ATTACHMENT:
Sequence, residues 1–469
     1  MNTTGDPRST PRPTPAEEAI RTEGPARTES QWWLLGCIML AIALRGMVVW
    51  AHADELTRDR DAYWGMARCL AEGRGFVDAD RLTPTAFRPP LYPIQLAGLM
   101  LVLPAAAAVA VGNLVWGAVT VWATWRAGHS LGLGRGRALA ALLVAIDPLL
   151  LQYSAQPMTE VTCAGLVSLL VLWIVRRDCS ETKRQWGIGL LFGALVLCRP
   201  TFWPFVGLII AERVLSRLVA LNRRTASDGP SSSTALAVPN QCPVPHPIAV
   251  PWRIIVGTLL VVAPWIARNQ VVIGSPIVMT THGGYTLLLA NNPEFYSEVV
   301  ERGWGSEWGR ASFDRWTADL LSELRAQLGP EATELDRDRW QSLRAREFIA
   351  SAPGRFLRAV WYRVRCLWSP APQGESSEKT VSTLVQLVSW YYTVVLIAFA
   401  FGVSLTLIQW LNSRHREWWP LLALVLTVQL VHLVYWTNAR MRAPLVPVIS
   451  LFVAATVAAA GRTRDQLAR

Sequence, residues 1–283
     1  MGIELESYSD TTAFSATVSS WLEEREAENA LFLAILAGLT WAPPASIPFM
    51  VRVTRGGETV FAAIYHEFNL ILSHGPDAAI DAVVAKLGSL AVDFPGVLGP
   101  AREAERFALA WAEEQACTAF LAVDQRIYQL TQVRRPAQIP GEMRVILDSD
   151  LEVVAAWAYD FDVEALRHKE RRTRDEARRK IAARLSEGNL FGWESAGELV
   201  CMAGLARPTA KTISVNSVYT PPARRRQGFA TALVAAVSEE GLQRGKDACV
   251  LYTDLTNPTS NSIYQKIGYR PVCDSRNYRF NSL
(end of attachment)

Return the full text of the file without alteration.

Sequence, residues 1–469
     1  MNTTGDPRST PRPTPAEEAI RTEGPARTES QWWLLGCIML AIALRGMVVW
    51  AHADELTRDR DAYWGMARCL AEGRGFVDAD RLTPTAFRPP LYPIQLAGLM
   101  LVLPAAAAVA VGNLVWGAVT VWATWRAGHS LGLGRGRALA ALLVAIDPLL
   151  LQYSAQPMTE VTCAGLVSLL VLWIVRRDCS ETKRQWGIGL LFGALVLCRP
   201  TFWPFVGLII AERVLSRLVA LNRRTASDGP SSSTALAVPN QCPVPHPIAV
   251  PWRIIVGTLL VVAPWIARNQ VVIGSPIVMT THGGYTLLLA NNPEFYSEVV
   301  ERGWGSEWGR ASFDRWTADL LSELRAQLGP EATELDRDRW QSLRAREFIA
   351  SAPGRFLRAV WYRVRCLWSP APQGESSEKT VSTLVQLVSW YYTVVLIAFA
   401  FGVSLTLIQW LNSRHREWWP LLALVLTVQL VHLVYWTNAR MRAPLVPVIS
   451  LFVAATVAAA GRTRDQLAR

Sequence, residues 1–283
     1  MGIELESYSD TTAFSATVSS WLEEREAENA LFLAILAGLT WAPPASIPFM
    51  VRVTRGGETV FAAIYHEFNL ILSHGPDAAI DAVVAKLGSL AVDFPGVLGP
   101  AREAERFALA WAEEQACTAF LAVDQRIYQL TQVRRPAQIP GEMRVILDSD
   151  LEVVAAWAYD FDVEALRHKE RRTRDEARRK IAARLSEGNL FGWESAGELV
   201  CMAGLARPTA KTISVNSVYT PPARRRQGFA TALVAAVSEE GLQRGKDACV
   251  LYTDLTNPTS NSIYQKIGYR PVCDSRNYRF NSL